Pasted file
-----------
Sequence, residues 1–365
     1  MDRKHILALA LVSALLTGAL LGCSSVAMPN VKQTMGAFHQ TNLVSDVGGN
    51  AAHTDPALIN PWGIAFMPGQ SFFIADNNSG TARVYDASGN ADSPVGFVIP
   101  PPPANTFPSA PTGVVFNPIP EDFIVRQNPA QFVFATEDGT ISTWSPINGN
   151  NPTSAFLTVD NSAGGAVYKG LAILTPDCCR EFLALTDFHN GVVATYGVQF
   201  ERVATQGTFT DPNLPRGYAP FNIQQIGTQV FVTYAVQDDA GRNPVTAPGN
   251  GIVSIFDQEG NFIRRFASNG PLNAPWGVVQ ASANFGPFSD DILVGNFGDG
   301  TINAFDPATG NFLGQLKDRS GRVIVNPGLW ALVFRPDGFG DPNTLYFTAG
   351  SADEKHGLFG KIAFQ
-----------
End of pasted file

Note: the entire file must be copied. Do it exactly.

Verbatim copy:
Sequence, residues 1–365
     1  MDRKHILALA LVSALLTGAL LGCSSVAMPN VKQTMGAFHQ TNLVSDVGGN
    51  AAHTDPALIN PWGIAFMPGQ SFFIADNNSG TARVYDASGN ADSPVGFVIP
   101  PPPANTFPSA PTGVVFNPIP EDFIVRQNPA QFVFATEDGT ISTWSPINGN
   151  NPTSAFLTVD NSAGGAVYKG LAILTPDCCR EFLALTDFHN GVVATYGVQF
   201  ERVATQGTFT DPNLPRGYAP FNIQQIGTQV FVTYAVQDDA GRNPVTAPGN
   251  GIVSIFDQEG NFIRRFASNG PLNAPWGVVQ ASANFGPFSD DILVGNFGDG
   301  TINAFDPATG NFLGQLKDRS GRVIVNPGLW ALVFRPDGFG DPNTLYFTAG
   351  SADEKHGLFG KIAFQ